There are a variety of reasons why the holidays create more tummy troubles than the rest of the year:
Though festive food and drink can be tough on the digestive system, it doesn’t have to be this way. Just follow my expert tips to trouble-proof your tummy...
Let's face it, Christmas is NOT Christmas without mince pies. I conducted a small test last year in which I eat at least one regular mince pie every day, sometimes more and it didn't go so well for me come January.
This year I'm making this healthier version. Who's for trying? Want more recipes like these? Join my free Christmas Survival Challenge HERE and get your free ebooks.
For the filling
1 large apple, like Braeburn, Gala
75g golden sultanas
65g dried, unsweetened cranberries
60g other dried fruit (sour cherries, blueberries, mango, apricots - dried but unsweetened)
Zest and juice of an orange
50g coconut palm sugar (or 2 tsp Stevia if you’d rather)
4 tbsp organic butter, cubed
½ tsp cinnamon
½ tsp ground nutmeg
½ tsp ground ginger
For the pastry
150g ground almonds
75g coconut flour
1 tbsp coconut palm sugar
½ tsp baking soda
½ tsp sea salt
zest of an orange
115g butter, frozen. Plus a little...
Has your weight been creeping up on you over the years and is proving difficult to shift – despite your best efforts? Or maybe your energy levels are on the floor? It’s easy to push to the back of your mind. Surely things can’t have got that bad… You’re not one of ‘those’ people whose food and lifestyle choices result in blood sugar levels so wonky, they find themselves in the prediabetes or diabetes trap… It’s easily done, and I see a lot of people in clinic who have been surprised to find they’re occupying that space.
It really is worth getting your blood sugar levels checked out. Once you know your numbers, you can do something about it and make a huge shift in all aspects of your health, including your weight. Whatever the tests say, I want you to know that, by making some simple changes to your diet and lifestyle, it is possible to prevent, control and, in many cases, reverse this condition.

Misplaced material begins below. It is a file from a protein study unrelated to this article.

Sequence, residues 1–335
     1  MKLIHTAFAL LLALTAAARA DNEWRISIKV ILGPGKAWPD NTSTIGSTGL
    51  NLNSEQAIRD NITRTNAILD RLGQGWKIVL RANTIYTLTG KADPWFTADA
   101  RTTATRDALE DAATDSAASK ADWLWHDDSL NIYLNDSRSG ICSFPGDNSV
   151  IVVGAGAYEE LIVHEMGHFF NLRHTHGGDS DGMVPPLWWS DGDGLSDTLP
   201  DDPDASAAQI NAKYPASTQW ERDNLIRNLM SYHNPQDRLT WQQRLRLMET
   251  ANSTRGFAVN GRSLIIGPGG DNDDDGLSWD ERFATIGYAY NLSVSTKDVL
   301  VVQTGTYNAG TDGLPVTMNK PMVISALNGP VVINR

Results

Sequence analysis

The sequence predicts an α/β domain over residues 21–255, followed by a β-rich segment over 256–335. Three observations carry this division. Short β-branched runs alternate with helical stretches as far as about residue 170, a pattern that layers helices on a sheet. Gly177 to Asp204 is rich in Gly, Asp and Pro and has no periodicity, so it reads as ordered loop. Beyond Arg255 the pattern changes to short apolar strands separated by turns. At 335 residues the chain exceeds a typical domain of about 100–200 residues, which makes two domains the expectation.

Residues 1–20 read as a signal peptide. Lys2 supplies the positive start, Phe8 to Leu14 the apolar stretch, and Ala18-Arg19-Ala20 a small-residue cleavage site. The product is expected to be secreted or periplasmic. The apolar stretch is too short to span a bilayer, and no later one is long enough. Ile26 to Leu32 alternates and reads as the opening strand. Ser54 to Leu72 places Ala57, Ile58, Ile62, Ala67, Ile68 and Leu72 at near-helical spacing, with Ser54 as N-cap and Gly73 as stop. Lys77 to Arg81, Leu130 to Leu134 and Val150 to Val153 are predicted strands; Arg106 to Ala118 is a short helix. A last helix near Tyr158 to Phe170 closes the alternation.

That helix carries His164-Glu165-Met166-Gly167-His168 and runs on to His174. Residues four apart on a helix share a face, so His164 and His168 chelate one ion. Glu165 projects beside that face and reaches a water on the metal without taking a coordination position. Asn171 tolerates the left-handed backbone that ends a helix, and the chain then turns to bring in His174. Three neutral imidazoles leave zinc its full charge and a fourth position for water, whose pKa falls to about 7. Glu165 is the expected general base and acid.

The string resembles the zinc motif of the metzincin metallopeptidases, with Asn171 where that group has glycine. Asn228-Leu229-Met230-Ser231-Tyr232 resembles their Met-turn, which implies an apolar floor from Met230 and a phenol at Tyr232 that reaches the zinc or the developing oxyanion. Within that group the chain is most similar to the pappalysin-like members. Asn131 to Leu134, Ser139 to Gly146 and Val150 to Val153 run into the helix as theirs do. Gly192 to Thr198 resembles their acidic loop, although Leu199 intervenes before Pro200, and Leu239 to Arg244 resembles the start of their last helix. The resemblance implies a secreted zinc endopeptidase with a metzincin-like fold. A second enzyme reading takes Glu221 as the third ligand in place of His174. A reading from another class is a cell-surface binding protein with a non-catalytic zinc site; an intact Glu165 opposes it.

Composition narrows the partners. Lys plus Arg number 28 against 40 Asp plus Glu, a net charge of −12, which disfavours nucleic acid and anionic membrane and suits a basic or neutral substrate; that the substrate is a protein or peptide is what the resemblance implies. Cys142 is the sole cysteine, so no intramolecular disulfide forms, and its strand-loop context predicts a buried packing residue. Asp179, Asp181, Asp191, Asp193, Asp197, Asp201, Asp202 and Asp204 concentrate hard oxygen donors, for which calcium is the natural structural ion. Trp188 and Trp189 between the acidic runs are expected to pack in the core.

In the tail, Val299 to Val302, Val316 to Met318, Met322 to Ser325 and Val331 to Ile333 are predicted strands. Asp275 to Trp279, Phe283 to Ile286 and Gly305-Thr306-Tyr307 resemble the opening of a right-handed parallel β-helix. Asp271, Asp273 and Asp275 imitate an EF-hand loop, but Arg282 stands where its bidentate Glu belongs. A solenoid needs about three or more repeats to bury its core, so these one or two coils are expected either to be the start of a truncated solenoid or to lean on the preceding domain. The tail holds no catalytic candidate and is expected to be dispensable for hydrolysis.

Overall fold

The peri-menopause can be one of the trickiest times for women to get their head around. One minute you’re 30, full of energy to do all the things you want in your life. Yes, there may be challenges but none of them seem unmanageable. Life – especially when you look back – seemed pretty great. All of a sudden it seems life and age have snuck up on you. You’re just not quite the same person you used to be. You notice you get tired more easily, some days you’re literally dragging yourself through the day, you’ve lost your get up and go for no reason, the weight you used to be able to lose in the run-up to an important event stays stubbornly in place no matter what you try, and you can’t seem to shift that foggy feeling in your brain. But it can’t be the menopause, right? You’re too young…
The menopause actually refers to a time when you haven’t had a single period for at least a year. The run-up to it can last for...